GE0055, 2016, Capacity Building

  53. "Voice of the Consumer"

    GE0013, 2014, Public Participation

  54. JUSTdrive

    GE0014, 2014, Public Service Delivery

  55. Educational Services

    GE0015, 2014, Education

  56. Citizen's Portal (Www.Mygov.Ge)

    GE0016, 2014, Capacity Building

  57. Transformation of Public Libraries for Regional Development

    GE0017, 2014, Capacity Building

  58. Digital Signature and Online Authentication

    GE0018, 2014, E-Government

  59. Open Data Portal (Data.Gov.Ge)

    GE0019, 2014, Access to Information

  60. Freedom of Information Act (FOIA) Draft

    GE0020, 2014, Access to Information

  61. Georgia's OGP Forum

    GE0021, 2014, Public Participation

  62. I-Change.Ge

    GE0022, 2014, E-Government

  63. Transparency of Public Service Recruitment

    GE0023, 2014, E-Government

  64. Asset Declaration Monitoring System

    GE0024, 2014, Anti-Corruption

  65. Starred commitment Political Party Financial Declarations

    GE0025, 2014, Access to Information

  66. Accessibility of Ministry of Interior's Webpage to People with Special Needs

    GE0026, 2014, E-Government

  67. Starred commitment Proactive Publishing of Surveillance Data

    GE0027, 2014, Civic Space

  68. Public Awareness of the Electoral Process

    GE0028, 2014, Capacity Building

  69. Transparency of Budgetary Processes

    GE0029, 2014, E-Government

  70. Electronic System of Procurement

    GE0030, 2014, Anti-Corruption

  71. Digital Human Resource Management System

    GE0031, 2014, E-Government

  72. Digital Preservation System: E-Archive

    GE0032, 2014, E-Government

  73. Openness and Accessibility of National Archives

    GE0033, 2014, E-Government

  74. Electronic Catalogues of Ministry of Internal Affairs (MIA) Archives

    GE0034, 2014, E-Government

  75. Public Finance Management System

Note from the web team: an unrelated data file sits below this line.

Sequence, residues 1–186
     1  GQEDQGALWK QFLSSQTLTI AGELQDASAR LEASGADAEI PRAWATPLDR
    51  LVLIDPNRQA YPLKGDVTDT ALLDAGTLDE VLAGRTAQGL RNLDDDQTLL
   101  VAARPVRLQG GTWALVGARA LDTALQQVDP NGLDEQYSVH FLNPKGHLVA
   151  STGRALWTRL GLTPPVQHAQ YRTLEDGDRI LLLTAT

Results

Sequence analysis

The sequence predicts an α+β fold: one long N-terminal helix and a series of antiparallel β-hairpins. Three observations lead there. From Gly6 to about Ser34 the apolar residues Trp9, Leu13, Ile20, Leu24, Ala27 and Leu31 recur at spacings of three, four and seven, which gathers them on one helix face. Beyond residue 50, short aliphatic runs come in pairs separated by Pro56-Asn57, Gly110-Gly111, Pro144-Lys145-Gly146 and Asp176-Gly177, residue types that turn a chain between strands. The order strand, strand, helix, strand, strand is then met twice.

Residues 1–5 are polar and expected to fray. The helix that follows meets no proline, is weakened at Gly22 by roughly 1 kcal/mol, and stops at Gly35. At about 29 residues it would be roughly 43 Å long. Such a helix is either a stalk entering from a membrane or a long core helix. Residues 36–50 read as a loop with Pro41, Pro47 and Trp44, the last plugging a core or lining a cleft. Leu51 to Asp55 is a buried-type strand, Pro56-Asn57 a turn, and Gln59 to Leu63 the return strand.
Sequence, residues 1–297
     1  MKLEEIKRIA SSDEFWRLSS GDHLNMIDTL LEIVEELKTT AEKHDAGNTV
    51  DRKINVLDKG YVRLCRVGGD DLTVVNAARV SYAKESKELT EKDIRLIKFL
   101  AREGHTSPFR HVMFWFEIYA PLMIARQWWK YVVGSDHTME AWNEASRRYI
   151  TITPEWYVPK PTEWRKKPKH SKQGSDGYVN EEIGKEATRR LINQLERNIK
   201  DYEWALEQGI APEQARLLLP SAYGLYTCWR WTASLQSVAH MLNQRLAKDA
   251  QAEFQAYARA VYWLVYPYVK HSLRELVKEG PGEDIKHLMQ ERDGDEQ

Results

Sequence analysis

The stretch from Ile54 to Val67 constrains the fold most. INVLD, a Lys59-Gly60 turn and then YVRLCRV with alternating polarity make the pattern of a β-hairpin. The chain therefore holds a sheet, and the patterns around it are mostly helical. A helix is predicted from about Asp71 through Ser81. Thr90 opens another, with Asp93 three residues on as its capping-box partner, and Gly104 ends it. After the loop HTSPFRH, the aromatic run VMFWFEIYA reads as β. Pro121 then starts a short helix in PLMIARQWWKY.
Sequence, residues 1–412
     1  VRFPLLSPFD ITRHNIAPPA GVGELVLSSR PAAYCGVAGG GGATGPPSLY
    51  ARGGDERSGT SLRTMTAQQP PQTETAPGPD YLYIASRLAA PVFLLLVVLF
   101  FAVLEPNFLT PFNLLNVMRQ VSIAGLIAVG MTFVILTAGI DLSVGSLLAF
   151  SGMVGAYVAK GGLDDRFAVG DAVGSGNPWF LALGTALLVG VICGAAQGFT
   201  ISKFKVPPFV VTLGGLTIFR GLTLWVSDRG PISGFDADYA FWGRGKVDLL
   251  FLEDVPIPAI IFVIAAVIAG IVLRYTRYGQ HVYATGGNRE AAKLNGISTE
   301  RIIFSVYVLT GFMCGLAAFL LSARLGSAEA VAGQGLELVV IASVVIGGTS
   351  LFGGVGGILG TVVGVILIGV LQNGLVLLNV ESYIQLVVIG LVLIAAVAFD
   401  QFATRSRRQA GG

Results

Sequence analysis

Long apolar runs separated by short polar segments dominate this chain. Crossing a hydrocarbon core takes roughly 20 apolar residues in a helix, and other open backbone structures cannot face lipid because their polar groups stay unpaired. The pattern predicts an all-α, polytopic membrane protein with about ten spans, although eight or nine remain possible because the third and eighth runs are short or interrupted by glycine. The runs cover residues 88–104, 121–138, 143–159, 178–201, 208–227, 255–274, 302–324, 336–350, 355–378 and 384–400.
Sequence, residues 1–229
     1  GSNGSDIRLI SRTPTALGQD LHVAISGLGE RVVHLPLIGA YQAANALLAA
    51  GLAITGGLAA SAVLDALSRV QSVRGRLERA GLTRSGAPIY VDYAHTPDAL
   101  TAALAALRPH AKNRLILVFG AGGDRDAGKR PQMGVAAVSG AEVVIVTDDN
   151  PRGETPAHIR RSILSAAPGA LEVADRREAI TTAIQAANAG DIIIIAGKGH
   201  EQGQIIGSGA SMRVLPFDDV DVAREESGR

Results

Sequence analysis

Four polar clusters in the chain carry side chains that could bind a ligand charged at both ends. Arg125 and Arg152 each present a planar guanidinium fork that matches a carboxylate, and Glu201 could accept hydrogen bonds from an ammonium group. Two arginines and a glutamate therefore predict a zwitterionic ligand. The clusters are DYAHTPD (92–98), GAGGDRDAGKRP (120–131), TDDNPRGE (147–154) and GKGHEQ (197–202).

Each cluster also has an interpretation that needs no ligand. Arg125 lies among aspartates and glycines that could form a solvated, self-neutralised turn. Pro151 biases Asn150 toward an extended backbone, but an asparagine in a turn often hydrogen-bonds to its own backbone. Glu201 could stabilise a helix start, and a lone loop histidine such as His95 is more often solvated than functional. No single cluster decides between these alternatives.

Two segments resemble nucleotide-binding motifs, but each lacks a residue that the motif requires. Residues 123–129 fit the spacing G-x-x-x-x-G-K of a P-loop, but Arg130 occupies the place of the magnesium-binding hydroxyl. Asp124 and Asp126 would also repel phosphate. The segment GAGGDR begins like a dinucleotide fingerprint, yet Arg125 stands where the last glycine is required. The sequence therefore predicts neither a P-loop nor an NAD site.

GE0035, 2014, E-Government

  76. Alternative Channels to "112"

    GE0036, 2014, E-Government

  77. Interactive Statistics and Crime Mapping

    GE0037, 2014, E-Government

  78. Travel Insurance Services

    GE0038, 2014, Citizenship & Immigration

  79. State Property Registration

    GE0039, 2014, Public Service Delivery

  80. Development of Community Centers in Georgia

    GE0040, 2014, E-Government

  81. Introduction of e-Governance in Local Self-Governments

    GE0041, 2014, E-Government

  82. Public Service Hall-Hub of Public Services

    GE0001, 2012, Access to Justice

  83. e-Governance in Local Governments

    GE0002, 2012, E-Government

  84. Citizens’ Portal

    GE0003, 2012, E-Government

  85. Easily Accessible and Better Healthcare

    GE0004, 2012, E-Government

  86. Launch Ichange.Ge and Data.Gov.Ge

    GE0005, 2012, E-Government

  87. Platform for Participating in the Legislative Process

    GE0006, 2012, E-Government

  88. Citizens and Justice

    GE0007, 2012, Access to Justice

  89. Starred commitment Transparent Party Financing

    GE0008, 2012, Political Integrity

  90. Home-Grown Concept of E-Procurement

    GE0009, 2012, Anti-Corruption

  91. e-Declarations

    GE0010, 2012, Anti-Corruption

  92. Technology Cares for Safety: ICCMS, Crime Mapping, and Safety in Your Neighbourhood

    GE0011, 2012, E-Government

  93. NGO Forum

    GE0012, 2012, Capacity Building